Kristen Oliveira ’17
Bachelor of Arts in Elementary Education
At Bay Path, my natural instinct to take charge developed into real skill in leadership.
I grew up in western Massachusetts. Since I’m local, I’ve always known of Bay Path. Initially, though, I went to a college in Boston, but it wasn’t the right fit for me. My sophomore year, I chose to attend Bay Path because of its location to surrounding colleges, the outstanding reputation of the education department, and for the support I received from advisors during the transfer process. And as I continued my studies here, I grew to love this University more and more.
I’ve always had a knack for connecting with children and finding ways to explain things in a simple way, so I decided to major in elementary education. I really got my footing in the field during my senior year through my leadership project, “Introducing College Options to Fifth Graders.” I chose this topic because as a junior/senior in high school, I felt unprepared for college. I had no idea what to look for, what questions to ask, or where to even start. I felt tremendous pressure, as if I should’ve known all the answers. As a result, I ended up at a college that was not the right fit for me. So, I developed this project because I wanted to “plant the seed” of college exploration in the fifth graders I was working with as a student teacher.
My project was derived from a program written for eighth graders by the National Association for College Admission Counseling. I adapted its lessons and activities for my fifth grade class, splitting the activities into five sessions with different objectives. The first lesson was focused on each student’s individual goals to get them thinking about their future in a fun, interactive way. The students explored their interests and created their own business cards. In the second session, we answered the question, “Should I go to college?” I asked the students what they thought of when they heard the word “college” and the most common responses were “work, money, and smart”- accurate.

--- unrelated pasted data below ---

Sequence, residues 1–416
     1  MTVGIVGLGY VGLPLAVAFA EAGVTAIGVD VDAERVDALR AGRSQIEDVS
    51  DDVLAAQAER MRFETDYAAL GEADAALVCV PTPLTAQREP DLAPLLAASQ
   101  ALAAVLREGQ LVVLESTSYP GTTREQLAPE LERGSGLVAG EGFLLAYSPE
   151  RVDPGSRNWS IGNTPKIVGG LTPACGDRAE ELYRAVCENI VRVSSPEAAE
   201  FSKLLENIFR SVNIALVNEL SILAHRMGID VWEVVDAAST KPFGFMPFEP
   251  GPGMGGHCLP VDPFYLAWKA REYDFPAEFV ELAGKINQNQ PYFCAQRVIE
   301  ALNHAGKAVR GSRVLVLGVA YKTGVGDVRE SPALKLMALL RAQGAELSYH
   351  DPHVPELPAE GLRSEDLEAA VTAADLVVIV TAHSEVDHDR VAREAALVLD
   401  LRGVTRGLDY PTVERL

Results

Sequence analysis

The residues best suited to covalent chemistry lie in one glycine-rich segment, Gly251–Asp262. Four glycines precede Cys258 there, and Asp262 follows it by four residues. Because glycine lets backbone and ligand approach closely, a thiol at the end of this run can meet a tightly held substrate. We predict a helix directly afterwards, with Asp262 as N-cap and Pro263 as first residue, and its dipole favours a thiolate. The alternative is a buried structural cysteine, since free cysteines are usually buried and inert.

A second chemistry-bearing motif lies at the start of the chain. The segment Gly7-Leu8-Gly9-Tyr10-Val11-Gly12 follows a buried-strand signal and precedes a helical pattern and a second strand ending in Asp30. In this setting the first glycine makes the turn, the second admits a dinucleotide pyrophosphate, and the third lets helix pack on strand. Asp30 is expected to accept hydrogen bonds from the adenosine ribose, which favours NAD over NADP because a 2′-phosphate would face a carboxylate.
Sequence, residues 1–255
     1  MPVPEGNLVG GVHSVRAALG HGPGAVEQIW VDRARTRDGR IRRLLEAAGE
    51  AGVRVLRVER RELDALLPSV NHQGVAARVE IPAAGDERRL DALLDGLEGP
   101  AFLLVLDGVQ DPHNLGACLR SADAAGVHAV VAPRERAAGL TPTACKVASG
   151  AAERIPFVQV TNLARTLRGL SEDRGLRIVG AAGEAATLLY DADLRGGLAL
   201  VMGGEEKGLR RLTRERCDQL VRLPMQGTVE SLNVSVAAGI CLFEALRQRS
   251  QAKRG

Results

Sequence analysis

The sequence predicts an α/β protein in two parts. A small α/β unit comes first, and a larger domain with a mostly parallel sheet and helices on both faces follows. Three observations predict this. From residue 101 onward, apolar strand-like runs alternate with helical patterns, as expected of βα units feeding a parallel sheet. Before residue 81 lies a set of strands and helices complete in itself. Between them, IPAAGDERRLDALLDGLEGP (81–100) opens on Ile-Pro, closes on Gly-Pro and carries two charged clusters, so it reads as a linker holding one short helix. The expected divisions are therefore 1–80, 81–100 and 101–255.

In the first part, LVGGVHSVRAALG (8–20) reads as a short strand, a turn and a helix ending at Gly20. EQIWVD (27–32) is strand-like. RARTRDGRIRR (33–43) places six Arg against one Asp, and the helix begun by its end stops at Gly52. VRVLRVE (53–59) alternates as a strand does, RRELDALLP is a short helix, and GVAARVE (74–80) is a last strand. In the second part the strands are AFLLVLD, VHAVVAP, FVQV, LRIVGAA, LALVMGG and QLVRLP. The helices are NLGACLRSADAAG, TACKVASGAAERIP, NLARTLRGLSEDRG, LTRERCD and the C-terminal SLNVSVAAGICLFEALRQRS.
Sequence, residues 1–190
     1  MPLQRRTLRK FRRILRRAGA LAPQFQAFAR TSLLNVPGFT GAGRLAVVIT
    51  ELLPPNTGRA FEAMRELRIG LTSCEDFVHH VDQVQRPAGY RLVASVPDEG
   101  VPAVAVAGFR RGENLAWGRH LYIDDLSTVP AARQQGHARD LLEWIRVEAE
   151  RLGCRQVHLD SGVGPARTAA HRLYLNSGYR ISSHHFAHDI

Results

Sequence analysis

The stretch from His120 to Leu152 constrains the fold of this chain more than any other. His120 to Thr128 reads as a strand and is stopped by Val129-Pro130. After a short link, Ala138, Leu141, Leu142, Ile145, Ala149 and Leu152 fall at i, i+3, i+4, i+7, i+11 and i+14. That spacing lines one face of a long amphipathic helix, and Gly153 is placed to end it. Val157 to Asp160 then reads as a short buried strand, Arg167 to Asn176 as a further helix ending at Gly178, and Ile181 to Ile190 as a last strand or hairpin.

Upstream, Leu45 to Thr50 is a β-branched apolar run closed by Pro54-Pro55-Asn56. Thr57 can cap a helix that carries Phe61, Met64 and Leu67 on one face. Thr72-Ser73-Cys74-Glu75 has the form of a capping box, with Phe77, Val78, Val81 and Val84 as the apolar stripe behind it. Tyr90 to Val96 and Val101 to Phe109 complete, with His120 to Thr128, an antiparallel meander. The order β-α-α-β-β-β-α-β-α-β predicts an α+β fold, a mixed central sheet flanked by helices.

In the third session, the students looked at the different aspects of college such as housing, size, location, diversity, major, and activities, and learned how to find their best fit. They created treasure maps of their exploration, and their “treasure” was their college choice. I’m happy to say that I had a Bay Path treasure chest! The fourth and fifth sessions focused on looking at personal learning styles. The students took a quiz to find out what type of learner they are: visual, auditory, or sensory. For example, if a student found that they were an auditory learner, they would look at a list of aids and see that they may enjoy reading aloud, saying words in syllables, and creating rhymes. There were a lot of “ah ha!” moments during this lesson. This project was packed with information and activities for the students, and I truly believe that they gained a lot from it. And so did I! The experience challenged me to develop as a leader.
I’ve always been one to take charge, but at Bay Path, I reinforced and strengthened my cooperative skills. The college is filled with amazing women who are looking to better their lives, jobs, and educations, and I learned from my colleagues and professors that when we work together, we can reach common goals. I experienced this as an athlete as well, serving as co-captain of the field hockey team this past season.
Now that I’ve completed my bachelor’s degree, I will be continuing my education at Bay Path, pursuing a master’s degree in special education. One day, I hope to work as a behavioral specialist. The steps that I took during these past four years have helped me define this goal. I know that I will never stop learning and my goals may change with time, but I will always have a strong foundation thanks to Bay Path.